He simply shrugged and led me out into the bright daylight. The red-head from the queue looked lost and confused. Her eyes were red and puffy. Tears ran down her pink cheeks.

David walked up to me and put his arms around me. He smiled.

“That was amazing. I’ve never felt more peaceful than I do right now. How about you?”

“I’m not sure how I feel right now. I just want to go home. Can we please go home now?” I fought for control of the hysteria welling up inside me. It wasn’t possible.

We walked to the car in silence. David held my hand and smiled. I didn’t understand how he could be so happy about his death.

“What did you see?” My voice caught in my throat.

“I was an old man and died happily in my bed with Jess sitting at my side, holding my hand.” He sounded so happy when he said that, so bloody peaceful.

“Your wife? Jess?” I couldn’t believe it. His promise earlier had been a lie. Everything between us had been a lie. Shock clenched my stomach and then his feet moved.

“Yes. My wife.” He punched me in the gut. My senses reeled as my burning stomach muscles clenched and nausea welled up. All the air rushed from my lungs and I fell to my knees in front of him. Small, sharp stones cut into the thin layer of skin covering my knees. I didn’t see from where he produced the knife. The memory of how the ride predicted my death slammed into me.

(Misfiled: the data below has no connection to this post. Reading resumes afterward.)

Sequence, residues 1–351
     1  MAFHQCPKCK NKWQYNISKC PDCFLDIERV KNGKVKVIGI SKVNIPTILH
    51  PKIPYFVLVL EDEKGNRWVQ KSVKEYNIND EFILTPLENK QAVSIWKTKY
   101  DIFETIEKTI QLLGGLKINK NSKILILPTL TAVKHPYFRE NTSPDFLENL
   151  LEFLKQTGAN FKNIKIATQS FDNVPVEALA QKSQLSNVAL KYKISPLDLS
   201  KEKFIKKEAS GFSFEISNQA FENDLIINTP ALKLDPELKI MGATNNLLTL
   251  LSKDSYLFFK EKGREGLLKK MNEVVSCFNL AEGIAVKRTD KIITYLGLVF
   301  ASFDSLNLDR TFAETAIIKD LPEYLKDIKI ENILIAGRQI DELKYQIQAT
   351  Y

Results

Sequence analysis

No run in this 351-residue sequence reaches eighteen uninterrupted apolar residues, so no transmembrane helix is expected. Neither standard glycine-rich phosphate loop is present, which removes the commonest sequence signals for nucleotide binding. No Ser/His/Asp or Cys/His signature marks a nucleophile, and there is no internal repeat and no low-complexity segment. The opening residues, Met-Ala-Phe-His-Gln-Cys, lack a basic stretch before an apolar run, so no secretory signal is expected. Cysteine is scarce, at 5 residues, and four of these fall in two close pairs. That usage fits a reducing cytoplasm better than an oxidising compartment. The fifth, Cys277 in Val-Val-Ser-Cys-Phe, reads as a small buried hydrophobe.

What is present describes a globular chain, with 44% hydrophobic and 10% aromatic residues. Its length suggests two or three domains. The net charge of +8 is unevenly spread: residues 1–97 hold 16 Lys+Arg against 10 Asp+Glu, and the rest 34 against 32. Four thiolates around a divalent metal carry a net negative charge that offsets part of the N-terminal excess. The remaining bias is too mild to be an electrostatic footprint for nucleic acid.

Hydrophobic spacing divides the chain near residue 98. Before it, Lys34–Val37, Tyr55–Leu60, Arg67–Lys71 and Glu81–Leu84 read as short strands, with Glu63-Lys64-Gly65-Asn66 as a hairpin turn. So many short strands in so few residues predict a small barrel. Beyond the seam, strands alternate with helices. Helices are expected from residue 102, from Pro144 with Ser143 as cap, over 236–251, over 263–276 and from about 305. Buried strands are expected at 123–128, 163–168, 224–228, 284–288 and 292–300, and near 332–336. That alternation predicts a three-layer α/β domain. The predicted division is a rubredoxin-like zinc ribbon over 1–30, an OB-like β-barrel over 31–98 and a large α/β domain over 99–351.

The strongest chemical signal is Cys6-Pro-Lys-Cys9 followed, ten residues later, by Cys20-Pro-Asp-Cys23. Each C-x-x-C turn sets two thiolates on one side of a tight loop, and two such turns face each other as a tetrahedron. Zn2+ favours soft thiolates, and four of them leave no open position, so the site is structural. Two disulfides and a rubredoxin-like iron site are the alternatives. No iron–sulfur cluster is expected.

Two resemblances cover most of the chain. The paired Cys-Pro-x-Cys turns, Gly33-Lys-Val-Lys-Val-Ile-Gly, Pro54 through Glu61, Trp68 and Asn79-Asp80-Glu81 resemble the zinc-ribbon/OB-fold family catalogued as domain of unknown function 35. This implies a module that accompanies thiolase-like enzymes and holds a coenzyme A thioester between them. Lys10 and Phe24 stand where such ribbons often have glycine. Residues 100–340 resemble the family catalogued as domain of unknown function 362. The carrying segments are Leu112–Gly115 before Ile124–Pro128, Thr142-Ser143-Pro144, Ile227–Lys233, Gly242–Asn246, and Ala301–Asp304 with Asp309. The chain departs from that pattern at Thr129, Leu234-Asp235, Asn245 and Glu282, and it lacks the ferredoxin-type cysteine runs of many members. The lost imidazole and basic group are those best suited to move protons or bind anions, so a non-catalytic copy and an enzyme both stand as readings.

And happen it did, just the way it had a short while ago. The knife was thrust deep into my chest before I could ask why. My ribs were torn apart by the blade, sending hot flashes of fresh pain to my brain. I struggled for air like a goldfish out of water. His eyes held the same coldness I’d seen in them before. I didn’t understand. How could the man I love and gave myself to – so completely – kill me, without the slightest show of emotion?

I waited for the nothingness to come, but it didn’t. I lay there in my puddle of blood, looking up at him, watching him wipe the blade of his knife on my dress. I kept hoping for that nothingness but it never came. Instead I was a prisoner in my own body as he loaded me into the boot of his car.